Leica M3 & Kodak Ultramax 400

CAMERA: Leica M3
FILM: Kodak Ultramax 400
When I was lent the Leica M3 I was so excited by the results I had in black and white that I wasn’t sure that it would do colour as wonderfully. Oh, how I proved myself wrong! I went to one of the usual places I go when testing out a camera or film, Kew Gardens. It was time for the Orchid Festival and having shot in the glasshouses before with my Holga, and having the images come out a bit dark, I was interested to see how the shots would come out with a bit more control over shutter speed and aperture.
I haven’t shot too much with this film and I was delighted at the colours that came back, helped by the sharpness and accuracy the Leica provides. I have also been trying to gain more confidence in taking photos of people as my comfort lies in plants and architecture, so the Leica helped in the quietness of the shutter to get closer to my subjects. One even waved, from afar though so isn’t immediately obvious in the photo.
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©Jennifer Schussler

PLACES – Highgate Cemetery

CAMERA: Leica M3
LENS: Voigtländer Shapshot-Skopar 25mm f4
FILM: Fomapan 400 24exp
DEVELOP: Ilford chemicals, at home
SCAN: Epson V700
Ever since I moved to London over three years ago I’ve wanted to visit Hightgate Cemetery. The photos below are from the East cemetery, easily accessed for a small entrance fee. The more scenic, dilapidated West cemetery is by tour only, so I will try and go in the summer, although the mist was moody the overcast day was not the best for photos.

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©Jennifer Schussler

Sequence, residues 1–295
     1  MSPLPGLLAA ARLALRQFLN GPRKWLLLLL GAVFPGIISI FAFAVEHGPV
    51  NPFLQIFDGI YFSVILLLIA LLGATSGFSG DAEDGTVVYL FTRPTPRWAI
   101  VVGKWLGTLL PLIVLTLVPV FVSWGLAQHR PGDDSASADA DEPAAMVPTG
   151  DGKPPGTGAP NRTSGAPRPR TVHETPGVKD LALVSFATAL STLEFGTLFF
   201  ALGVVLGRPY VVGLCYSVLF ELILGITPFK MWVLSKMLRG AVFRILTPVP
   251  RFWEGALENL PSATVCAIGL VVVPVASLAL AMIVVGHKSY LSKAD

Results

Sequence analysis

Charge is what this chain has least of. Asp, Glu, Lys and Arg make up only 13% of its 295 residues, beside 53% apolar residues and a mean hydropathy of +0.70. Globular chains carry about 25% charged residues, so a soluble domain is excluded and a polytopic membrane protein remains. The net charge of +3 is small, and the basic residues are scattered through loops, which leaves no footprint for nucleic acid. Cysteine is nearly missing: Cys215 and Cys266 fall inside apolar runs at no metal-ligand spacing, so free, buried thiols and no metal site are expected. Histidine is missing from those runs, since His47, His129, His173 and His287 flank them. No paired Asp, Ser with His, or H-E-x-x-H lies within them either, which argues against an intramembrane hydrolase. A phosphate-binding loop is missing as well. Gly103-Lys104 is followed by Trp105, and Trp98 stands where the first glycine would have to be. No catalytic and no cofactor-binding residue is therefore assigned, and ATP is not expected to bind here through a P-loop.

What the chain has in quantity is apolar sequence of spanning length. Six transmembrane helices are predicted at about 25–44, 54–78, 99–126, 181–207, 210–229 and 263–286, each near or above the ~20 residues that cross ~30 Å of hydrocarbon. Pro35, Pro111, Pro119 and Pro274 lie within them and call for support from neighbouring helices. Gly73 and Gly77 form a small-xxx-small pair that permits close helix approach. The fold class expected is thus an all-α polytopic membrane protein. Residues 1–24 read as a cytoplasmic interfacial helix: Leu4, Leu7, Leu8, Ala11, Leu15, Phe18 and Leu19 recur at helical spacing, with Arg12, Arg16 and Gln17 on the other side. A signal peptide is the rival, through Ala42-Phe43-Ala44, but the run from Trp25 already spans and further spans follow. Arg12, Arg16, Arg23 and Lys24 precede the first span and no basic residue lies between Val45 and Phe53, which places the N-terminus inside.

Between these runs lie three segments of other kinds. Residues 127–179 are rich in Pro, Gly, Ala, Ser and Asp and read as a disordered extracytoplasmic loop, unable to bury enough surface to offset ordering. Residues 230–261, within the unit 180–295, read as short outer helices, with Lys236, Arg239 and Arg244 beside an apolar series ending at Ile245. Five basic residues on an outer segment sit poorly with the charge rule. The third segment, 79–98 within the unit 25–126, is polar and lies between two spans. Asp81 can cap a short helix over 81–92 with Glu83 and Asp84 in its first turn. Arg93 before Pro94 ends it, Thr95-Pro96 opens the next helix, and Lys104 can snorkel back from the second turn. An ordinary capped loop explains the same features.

CAMERA – Leica M3

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CAMERA: Leica M3
LENS: Voigtländer Shapshot-Skopar 25mm f4
FILM: Fomapan 400 24exp
DEVELOP: Ilford chemicals, at home
SCAN: Epson V700
My colleague lent me her Leica M3 after we got chatting about shooting film. She studied photography for her Masters degree and bought the Leica soon after she finished, but had never used it. I can understand how that high level of criticism of your work can suck all the fun out of doing something you love. I’ve given her a toy camera from my collection to get her back into film, with something simple and fun, unlike the beast that is the Leica M3.
I’ve never used a rangefinder camera before and I guess I am still yet to do so as the lens currently attached is not a rangefinder lens. So essentially I used it like my trusted Olympus Trip 35 with the added manual feature of shutter speed. I still have to get used to checking all the settings and it is a bit more time consuming for me. But I’m hooked, it was so much fun to lug this ridiculous brass camera around so hopefully I’ll get into good habits soon.
Below are all 26 shots from my first roll, on a 24 frame film, and I can say I’m happy with how each shot turned out. They are in focus and framed closely to what I had tried to achieve. It was the first time I had used Fomapan 400, and the first time in eight years that I had developed my own film. I shot and developed this film in a single day, which felt so damn good.
I have one major issue with this camera that is also one of it’s greatest features: the frame. The frames are so tight to each other and the sprocket holes that you get the maximum use out of the film, and more frames then you are meant to. However, it was a pain to cut my negatives because the gap between them is so narrow, and when scanning I could see where significant parts of the frame were cut off because the film holder I used is made for “normal” frames which don’t cut it so fine to the sprocket holes.

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©Jennifer Schussler